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William F. Connell School of Nursing

Associate Professor Rosanna DeMarco Recognized by Norbert Hardner Foundation

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Rosanna DeMarcoDr. Rosanna DeMarco, Associate Professor, has received research funding from the Norbert Hardner Foundation to continue her prevention intervention work with women of color living with HIV/AIDS entitled Culturally Relevant Prevention Education For Older HIV Seropositive African American Women: A Peer-Led Approach In Inner City Boston.

Dr. DeMarco in partnership with SistahPowah, a grassroots community initiative of older women living with HIV/AIDS, and Women of Color AIDS Council/Women Connecting and Affecting Change (WCAC), a well-established HIV/AIDS prevention center for women, will expand a successful HIV/AIDS education prevention program geared to older African American women living with HIV/AIDS to obtain ethnic-specific data on how best to approach prevention for seropositive, poor, older African American women in the inner city of Boston. 

This study includes economic, community, societal, emotional and cultural considerations in the design of an effective positive prevention program for economically challenged women of color.  This group is one of the fastest growing cohorts of HIV seropositive people with sobering health related consequences that include quality of life, and the cost of and access to health care.  Although research has examined the types of prevention that are most effective, few studies have taken into account all of the above factors while focusing exclusively on the high-risk group of African American women.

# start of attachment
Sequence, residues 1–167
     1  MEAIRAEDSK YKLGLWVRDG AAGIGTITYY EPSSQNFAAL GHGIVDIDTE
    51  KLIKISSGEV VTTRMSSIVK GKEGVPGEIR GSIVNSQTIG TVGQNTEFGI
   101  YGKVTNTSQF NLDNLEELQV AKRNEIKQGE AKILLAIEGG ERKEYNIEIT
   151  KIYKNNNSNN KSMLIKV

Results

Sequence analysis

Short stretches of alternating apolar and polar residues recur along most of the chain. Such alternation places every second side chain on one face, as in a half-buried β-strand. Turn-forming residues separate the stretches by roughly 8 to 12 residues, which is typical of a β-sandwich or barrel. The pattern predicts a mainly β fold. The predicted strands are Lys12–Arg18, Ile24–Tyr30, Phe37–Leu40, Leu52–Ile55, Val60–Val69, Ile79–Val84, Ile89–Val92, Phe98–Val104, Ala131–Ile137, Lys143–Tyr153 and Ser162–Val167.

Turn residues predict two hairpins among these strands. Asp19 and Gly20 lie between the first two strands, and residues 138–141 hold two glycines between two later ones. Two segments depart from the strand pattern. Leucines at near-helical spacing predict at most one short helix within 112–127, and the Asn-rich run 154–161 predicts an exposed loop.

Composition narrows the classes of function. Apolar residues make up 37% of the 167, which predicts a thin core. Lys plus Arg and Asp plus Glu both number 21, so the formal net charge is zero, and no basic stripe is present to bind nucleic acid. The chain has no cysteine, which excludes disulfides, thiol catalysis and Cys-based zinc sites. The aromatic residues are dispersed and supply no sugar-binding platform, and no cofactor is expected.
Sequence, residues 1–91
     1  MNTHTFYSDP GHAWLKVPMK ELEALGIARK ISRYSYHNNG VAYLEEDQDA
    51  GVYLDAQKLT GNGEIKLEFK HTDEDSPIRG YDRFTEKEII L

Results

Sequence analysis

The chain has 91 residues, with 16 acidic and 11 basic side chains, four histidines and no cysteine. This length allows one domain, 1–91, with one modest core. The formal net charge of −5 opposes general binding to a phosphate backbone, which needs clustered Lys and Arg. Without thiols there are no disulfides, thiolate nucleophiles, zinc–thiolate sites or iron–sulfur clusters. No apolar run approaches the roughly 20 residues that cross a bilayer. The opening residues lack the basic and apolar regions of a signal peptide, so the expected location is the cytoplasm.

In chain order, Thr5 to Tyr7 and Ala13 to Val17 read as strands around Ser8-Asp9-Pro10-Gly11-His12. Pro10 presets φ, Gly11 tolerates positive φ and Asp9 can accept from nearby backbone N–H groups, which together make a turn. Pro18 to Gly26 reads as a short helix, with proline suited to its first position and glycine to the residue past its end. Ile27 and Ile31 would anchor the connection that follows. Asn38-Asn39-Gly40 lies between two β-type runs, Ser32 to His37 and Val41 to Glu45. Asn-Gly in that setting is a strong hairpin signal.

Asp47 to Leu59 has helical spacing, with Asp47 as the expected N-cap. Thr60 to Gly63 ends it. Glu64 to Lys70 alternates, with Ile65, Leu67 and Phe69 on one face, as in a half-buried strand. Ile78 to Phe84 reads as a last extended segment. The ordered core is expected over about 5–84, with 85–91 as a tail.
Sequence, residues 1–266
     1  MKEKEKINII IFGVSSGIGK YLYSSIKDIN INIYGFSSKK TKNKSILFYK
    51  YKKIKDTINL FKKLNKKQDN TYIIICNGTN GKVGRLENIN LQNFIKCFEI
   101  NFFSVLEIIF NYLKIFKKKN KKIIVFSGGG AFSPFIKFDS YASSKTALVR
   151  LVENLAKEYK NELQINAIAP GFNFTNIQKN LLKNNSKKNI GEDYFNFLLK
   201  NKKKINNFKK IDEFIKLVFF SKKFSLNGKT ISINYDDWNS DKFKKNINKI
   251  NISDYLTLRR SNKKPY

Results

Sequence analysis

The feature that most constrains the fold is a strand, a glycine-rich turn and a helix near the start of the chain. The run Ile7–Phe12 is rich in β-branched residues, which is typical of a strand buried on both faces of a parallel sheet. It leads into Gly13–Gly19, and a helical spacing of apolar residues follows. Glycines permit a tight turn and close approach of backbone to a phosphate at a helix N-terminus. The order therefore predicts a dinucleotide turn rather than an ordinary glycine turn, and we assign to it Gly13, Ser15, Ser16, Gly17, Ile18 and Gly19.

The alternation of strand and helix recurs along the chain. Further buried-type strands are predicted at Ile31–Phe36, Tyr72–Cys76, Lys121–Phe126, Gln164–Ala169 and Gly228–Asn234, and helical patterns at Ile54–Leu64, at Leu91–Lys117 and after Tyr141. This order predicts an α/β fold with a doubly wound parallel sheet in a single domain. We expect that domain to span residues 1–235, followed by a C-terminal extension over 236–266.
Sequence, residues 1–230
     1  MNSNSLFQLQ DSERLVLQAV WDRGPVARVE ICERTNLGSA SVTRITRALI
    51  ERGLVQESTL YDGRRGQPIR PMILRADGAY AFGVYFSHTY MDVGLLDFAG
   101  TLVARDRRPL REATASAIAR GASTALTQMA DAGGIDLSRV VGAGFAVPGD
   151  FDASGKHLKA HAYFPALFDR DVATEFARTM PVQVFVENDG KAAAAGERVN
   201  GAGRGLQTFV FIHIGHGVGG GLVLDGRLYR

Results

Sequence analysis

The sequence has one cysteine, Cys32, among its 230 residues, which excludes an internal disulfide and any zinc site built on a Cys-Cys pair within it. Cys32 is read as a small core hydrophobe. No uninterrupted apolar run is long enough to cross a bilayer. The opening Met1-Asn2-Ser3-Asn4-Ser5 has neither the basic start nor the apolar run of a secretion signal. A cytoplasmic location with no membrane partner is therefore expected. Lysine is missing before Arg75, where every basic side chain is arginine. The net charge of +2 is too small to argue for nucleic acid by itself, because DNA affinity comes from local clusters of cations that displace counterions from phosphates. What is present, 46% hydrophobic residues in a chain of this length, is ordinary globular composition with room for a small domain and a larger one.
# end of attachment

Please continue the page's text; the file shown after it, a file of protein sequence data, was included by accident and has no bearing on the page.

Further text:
The principal investigator, Dr. Rosanna DeMarco, a community health clinician and researcher at Boston College, currently collaborates with SistahPowah and WCAC to discover positive prevention education methods that are gender sensitive and culturally relevant for women of varying ethnic and socioeconomic backgrounds, and to share evaluation findings with other AIDS Service organizations to address common prevention needs of older African American women of living with HIV/AIDS.  This study will build on this partnership to establish an HIV/AIDS prevention program that has been demonstrated by current research to affect greater healthcare adherence, decreased perceived stigma, and increased self-advocacy in intimate relationships.   Unlike other studies, however, the project will focus on a culturally relevant education prevention program recognized as critical to HIV positive prevention in African American women.